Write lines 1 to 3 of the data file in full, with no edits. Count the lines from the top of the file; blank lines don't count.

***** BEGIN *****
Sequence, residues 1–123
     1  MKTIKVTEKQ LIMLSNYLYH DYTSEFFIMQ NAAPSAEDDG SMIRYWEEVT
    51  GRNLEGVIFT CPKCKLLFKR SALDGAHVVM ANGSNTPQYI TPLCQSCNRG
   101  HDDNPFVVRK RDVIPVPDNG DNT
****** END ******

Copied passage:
Sequence, residues 1–123
     1  MKTIKVTEKQ LIMLSNYLYH DYTSEFFIMQ NAAPSAEDDG SMIRYWEEVT
    51  GRNLEGVIFT CPKCKLLFKR SALDGAHVVM ANGSNTPQYI TPLCQSCNRG